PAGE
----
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Featured Art from Streets to Creeks

Thank you to all who submitted to our stormwater art contest which ran from August 5th to September 5th. Over the fall and winter months, we will be featuring submissions as our website headers. Maddie, our week 2 winner, took the photo that is featured as our new website background!

Winners will receive CWEP giveaways including a set of reusable straws. Check out our virtual gallery below to see the artwork submissions. 

Below are the announcements of our winners! Congrats to all of you. Scroll through to see photos of the artwork and descriptions from the artists of what inspired their piece.

Streets to Creeks Stormwater Art Competition

When? August 5-September 5th, 2020

Who? Open to all ages!

To celebrate National Water Quality Month, the Clean Water Education Partnership invites you to create an art piece that shows how you interact with your watershed. A watershed is an area of land that all drains to the same creek, stream, or river. Everyone lives in a watershed!

Your art piece must somehow incorporate the name of the watershed you live in. Type your address into this interactive map to find your watershed.

Or, you can discover your river basin (a larger-scale watershed) by looking at this interactive map.

 Get inspired by a few of these ideas:

  • Use non-toxic sidewalk chalk to draw a watershed message to others in your neighborhood
  • Create a poster with cool facts and photos from your watershed that you can share with others
  • Draw or take a picture of one of your favorite plants or animals in your watershed
  • Make a sculpture out of litter you find in your watershed

A stormwater art installation that doubles as a rainwater harvester (Binford Green Schools Initiative, Chesepeake Bay)

“Protect our Watersheds” art competition submission (Pennsylvania American Water)

 Your art piece can be in any medium you choose as long as you can take a photo of it.

Winners will have a photo of their art piece featured as the homepage header on the CWEP website and receive a CWEP Swag Bag with fun giveaways in the mail. Art will also be used by CWEP to create a set of greeting cards for our fall BioThon competition. 1st, 2nd and 3rd place winners will be chosen weekly.

This competition is open to all ages. Children under 13 must have an adult submit their art piece.

Art can be submitted through this google form. If you have any questions please contact Hannah Barg, the CWEP Education and Outreach Coordinator at hbarg@tjcog.org.

The Soak-Spread-Slow Stormwater Song

If you’re at home in some rainy weather, take a listen to CWEP’s new song to learn about how we can help improve the stormwater!

The bolded words are terms that you can learn more about in future blog posts and social media posts- stay tuned!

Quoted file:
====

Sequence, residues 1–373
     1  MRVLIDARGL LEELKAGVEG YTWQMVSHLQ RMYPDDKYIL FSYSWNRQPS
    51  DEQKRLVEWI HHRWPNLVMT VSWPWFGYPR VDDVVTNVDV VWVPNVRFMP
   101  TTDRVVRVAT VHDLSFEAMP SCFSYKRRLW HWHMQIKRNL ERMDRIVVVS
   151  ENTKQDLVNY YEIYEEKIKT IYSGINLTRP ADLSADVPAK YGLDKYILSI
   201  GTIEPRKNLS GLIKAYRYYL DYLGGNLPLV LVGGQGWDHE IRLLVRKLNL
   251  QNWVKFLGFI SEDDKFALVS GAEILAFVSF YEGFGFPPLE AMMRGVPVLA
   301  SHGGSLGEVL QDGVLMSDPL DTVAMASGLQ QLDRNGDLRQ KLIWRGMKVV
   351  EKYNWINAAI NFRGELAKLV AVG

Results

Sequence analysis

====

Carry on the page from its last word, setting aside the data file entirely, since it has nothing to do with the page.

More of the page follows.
What motions can you make up to go along with the lyrics? Feel free to post in the comments on the left.

Stormwater Song Lyrics

Where does the water go

When it falls from the clouds to down below

All that rain eventually

Flows from here into the sea

and we can play a part

to help the rain depart

Acting like a sponge, to soak it up, to soak it up

Stretching out our arms to spread it out, to
spread it out

Moving like a snail to slow it down, to slow it down

These are things we do to help improve

The stormwater

Where does the water flow

When it has nowhere else to go?

All that rain from the roof and street

Goes down the storm drain and to the creek

And we can play a part

To help the rain depart

Because when it rains it pours

but the trees and grass can soak it up

rain barrels for sure

can help collect and spread it out

And if there’s even more

rain gardens can slow it down

These are things we do to help improve

the stormwater

Capture It! Enter Raleigh’s Annual Stormwater Arts Contest

Are you or someone you know a creative Raleigh student? Help us spread the word about the City of Raleigh’s annual stormwater arts contest! By entering this contest, students explore the powerful intersections of art, messaging, stormwater education, and community engagement. Winners receive a $500 prize and recognition as a 2020 Raleigh Environmental Award Winner. 

Who: 8th-12th grade students in Raleigh area schools

What: a video or artwork entry showing how to reduce stormwater pollution and protect local waterways. Artwork should be designed to fit on a storm drain or rain barrel.

When: submissions are open until February 3rd, 2020.

How: Register here on the City of Raleigh site. This page also has more details about submission requirements.

Need some inspiration? Click here to watch the video entry winner from last year’s contest.

Image result for storm drain artwork Image result for rain barrel art

Image result for storm drain artwork

Above are some examples of creative stormwater messaging painted on storm drains and rain barrels. If you want to make your own storm drain art design, be sure that it fits within the required dimensions (23.5-inch diameter round or 62.5-inch x 14.5-inch rectangular)

Image 1: City of Raleigh website

Image 3: RVA H20 (Richmond, VA) website

Image 4: WLWT5 News (Cincinatti, OH) website

Image 5: City of Lubbock, TX website

Meet the bug that armors itself with shells, rocks and sticks!

Caddisflies are an ecologically diverse and important group of freshwater insects. Their larvae are sensitive to pollution and for this reason are used  as indicators of water quality. Oxygen concentration and water velocity are important to larvae, as is the chemical content of the water. Caddisflies live most of their lives in the larval state, depending on aquatic habitats to mature to adulthood.

Caddisflies gets creative in the ways they shield themselves from predators. Larvae construct cases, or homes, out of silk woven with sand grains, fragments of wood or twigs, stones, and other materials from their surroundings.

Check out some images below from freshwater insect photographer, Jan Hamrsky:

Caddisfly larvae spend up to two years in their cases before becoming adults. The cases are so pretty that some artists encourage caddisflies to spin their silk around semiprecious stones so their cases can be used as jewelry.

CWEP loves to use activities about macroinvertebrates to teach about clean water! We sometimes find caddisflies in streams, and at tabling events we let participants craft their own caddisflies.

Check out some images from CWEP @ Carrboro Day: “Make your own Caddisfly” craft!

Capture it! Raleigh’s Upcoming 2019 Stormwater Arts Contest

In 2018, the City of Raleigh’s 2018 Capture it! Stormwater Arts Contest was a huge success!  This annual contest is an opportunity for students in 8th through 12th grades to capture the importance of stormwater runoff through art and film. This will ultimately bring more awareness to the positive impacts the community can have on the environment by keeping waterways clean! In 2018, winners for three categories were announced at the 11th Annual Environmental Awards this past March. A photo of last year’s rain barrel winners are shown below.

Rain Barrel Finalists 2018[1]

Now…here are the details for the year ahead! Registration is currently open for Raleigh Stormwater’s annual Capture it! Stormwater Arts Contest! 

WHO: